Vaccination kittens

First at 10 weeks.
Second (booster) 3 weeks after the first.
Cats are less prone to collect diseases than dogs.
The most dangerous one is leukaemia, for which prevention requires a special, seperate vaccination.
There is a new vaccination against "cat aids".

Warning: Cats can be tested for diseases after more than 3 months, before 3 months the antibodies of the mother cat can cause false test results.

Received reaction:
"I never vaccinate kittens or cats. I vaccinate kittens only when they have to go abroad. If you have to vaccinate, then after 9 weeks and not before!"

petalia.com.au=Cats&story_no=425
Most kittens will have already received one vaccination by the time they leave for their new home. If your kitten was under 9 weeks of age when he received this vaccination, he will require 2 more boosters with a 1 month separation. The standard vaccination is called F3 as it protects against Feline Panleucopenia, and 2 different cat flu viruses – Feline Herpesvirus and Feline Calicivirus. There are also vaccines available against Feline Leukaemia Virus.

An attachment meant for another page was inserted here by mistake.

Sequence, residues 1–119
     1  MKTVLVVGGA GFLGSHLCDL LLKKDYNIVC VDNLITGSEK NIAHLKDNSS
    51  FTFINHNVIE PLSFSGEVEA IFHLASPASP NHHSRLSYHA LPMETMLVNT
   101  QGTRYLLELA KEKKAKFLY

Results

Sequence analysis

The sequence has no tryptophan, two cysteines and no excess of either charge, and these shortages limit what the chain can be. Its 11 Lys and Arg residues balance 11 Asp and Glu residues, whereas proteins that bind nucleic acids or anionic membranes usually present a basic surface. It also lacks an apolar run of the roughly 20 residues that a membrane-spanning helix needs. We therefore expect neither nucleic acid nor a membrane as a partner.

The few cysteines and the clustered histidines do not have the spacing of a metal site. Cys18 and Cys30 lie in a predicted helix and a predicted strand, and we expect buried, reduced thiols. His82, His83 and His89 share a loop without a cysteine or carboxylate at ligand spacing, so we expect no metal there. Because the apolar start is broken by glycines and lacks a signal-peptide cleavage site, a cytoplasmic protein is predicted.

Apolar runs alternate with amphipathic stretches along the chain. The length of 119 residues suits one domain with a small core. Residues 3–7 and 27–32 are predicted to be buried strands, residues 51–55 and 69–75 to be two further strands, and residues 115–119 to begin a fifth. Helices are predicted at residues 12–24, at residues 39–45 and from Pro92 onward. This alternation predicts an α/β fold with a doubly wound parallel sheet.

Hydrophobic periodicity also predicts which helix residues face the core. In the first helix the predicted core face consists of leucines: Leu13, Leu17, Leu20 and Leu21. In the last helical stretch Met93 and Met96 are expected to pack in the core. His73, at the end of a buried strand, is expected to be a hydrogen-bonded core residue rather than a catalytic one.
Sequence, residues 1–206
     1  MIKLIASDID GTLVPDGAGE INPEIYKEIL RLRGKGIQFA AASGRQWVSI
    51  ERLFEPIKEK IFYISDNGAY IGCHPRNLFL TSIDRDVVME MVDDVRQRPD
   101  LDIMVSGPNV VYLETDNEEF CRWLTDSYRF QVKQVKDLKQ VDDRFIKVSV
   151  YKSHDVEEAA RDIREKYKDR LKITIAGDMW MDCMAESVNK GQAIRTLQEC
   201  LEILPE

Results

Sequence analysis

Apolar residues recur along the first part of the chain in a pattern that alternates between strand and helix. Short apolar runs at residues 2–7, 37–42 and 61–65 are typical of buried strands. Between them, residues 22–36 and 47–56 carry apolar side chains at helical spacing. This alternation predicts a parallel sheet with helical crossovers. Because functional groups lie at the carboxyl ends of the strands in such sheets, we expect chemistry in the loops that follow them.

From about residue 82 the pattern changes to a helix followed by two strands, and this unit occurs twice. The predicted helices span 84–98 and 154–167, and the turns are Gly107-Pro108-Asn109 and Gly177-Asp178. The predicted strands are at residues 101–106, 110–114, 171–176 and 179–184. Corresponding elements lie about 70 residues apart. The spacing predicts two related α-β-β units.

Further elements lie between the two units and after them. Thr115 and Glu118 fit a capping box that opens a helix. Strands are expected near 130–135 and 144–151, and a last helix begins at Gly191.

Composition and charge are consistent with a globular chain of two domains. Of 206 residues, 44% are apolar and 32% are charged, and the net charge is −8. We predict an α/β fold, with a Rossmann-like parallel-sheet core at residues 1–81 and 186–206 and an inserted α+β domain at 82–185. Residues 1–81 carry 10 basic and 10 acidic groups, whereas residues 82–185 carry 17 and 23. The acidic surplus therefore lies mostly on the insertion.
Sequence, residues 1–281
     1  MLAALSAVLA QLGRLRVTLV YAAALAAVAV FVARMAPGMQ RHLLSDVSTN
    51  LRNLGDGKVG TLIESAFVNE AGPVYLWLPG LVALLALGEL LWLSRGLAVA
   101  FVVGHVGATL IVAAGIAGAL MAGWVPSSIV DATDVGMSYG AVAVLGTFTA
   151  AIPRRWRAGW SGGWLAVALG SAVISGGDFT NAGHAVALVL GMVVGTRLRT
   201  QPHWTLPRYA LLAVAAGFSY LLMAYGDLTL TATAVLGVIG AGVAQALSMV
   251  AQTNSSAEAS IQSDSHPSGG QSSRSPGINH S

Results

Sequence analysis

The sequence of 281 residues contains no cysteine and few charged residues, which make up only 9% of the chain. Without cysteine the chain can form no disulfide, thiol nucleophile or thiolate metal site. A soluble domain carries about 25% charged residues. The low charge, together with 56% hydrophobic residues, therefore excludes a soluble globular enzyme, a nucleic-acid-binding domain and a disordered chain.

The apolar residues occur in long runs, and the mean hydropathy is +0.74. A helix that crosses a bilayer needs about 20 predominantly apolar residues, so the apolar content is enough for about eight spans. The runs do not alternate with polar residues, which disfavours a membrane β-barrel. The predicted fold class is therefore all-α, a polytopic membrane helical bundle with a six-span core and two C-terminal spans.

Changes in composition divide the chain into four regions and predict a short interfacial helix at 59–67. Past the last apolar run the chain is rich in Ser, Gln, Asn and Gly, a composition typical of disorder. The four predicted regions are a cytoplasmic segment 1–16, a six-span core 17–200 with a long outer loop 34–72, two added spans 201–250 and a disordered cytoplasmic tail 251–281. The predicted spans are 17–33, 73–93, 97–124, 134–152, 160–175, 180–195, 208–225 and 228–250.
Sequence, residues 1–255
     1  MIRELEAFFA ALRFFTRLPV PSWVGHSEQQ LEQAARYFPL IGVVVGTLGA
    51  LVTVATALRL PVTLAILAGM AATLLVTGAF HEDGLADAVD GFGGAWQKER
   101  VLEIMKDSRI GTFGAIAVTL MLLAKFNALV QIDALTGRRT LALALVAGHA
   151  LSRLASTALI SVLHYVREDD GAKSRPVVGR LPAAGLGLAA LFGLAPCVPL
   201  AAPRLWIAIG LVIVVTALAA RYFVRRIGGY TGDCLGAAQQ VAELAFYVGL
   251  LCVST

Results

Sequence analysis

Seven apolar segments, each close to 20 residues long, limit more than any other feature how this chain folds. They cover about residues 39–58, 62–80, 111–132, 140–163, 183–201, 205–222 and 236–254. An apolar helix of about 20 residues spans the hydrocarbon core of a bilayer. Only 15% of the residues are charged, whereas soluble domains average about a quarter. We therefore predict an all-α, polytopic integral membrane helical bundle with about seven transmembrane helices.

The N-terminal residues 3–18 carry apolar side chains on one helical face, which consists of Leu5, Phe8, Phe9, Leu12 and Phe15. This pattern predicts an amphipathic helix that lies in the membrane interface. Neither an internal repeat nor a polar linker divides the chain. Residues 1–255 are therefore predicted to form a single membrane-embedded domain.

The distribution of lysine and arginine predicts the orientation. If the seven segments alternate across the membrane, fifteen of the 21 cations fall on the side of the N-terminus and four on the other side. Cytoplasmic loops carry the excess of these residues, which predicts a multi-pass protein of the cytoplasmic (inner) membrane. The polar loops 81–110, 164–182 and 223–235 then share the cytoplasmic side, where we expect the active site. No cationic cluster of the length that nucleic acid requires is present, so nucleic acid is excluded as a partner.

A new range of vaccines for cats is available -
F4 vaccine that includes Feline Chlamydia, which is primarily seen as conjunctivitis in cats, and F5 that also provides protection against Feline Leukaemia Virus. Your veterinarian can advise you on the risk of infection and the benefits of vaccination against Feline Leukaemia Virus and Feline Chlamydia in your situation.

There is also a
new vaccine just released for the prevention of Feline AIDS, commonly known as FIV (Feline Immunodeficiency Virus), which is spread by fighting cats. It is administered as an initial series of three doses, two to four weeks apart. It is given to kittens at 8 weeks of age or older. Cats older than 6 months should be tested to ensure that they are free of this AIDS virus before being vaccinated and ideally they should be permanently identified with a microchip. An annual booster is needed to ensure continued protection.

Kittens require these boosters since maternal antibodies obtained from their mother interfere with response to vaccination. Kittens lose these maternal antibodies at different rates up to the age of 16 weeks, so they need several boosters to ensure that they develop the maximum antibody response to protect them against infection.

http://www.provet.co.uk/infectiousdiseases/5a594fc.htm

Nederlands

De kittens worden met 10 weken ingeent, en dan 2de prik 3 weken erna. De inenting is oa tegen niesziekte.
Poezen krijgen gelukkig minder ziektes dan honden. De gevaarlijkste is leukemie, waar wel tegen kan worden  ingeent, maar dat is een aparte inenting. En een andere is kattenaids, waartegen zojuist een vaccin op de markt zou zijn gekomen. Deze ziektes kunnen getest worden als de poes ouder is dan 3 maanden, daarvoor kan het een fout resultaat geven door de nog aanwezige afweercellen van de moederpoes.

Ontvangen reaktie:
"Zelf vaccineer ik nooit kittens of katten. Ik vaccineer kittens alleen als ze naar buitenland moeten. Als het toch moet, dan na de 9de week en niet eerder!"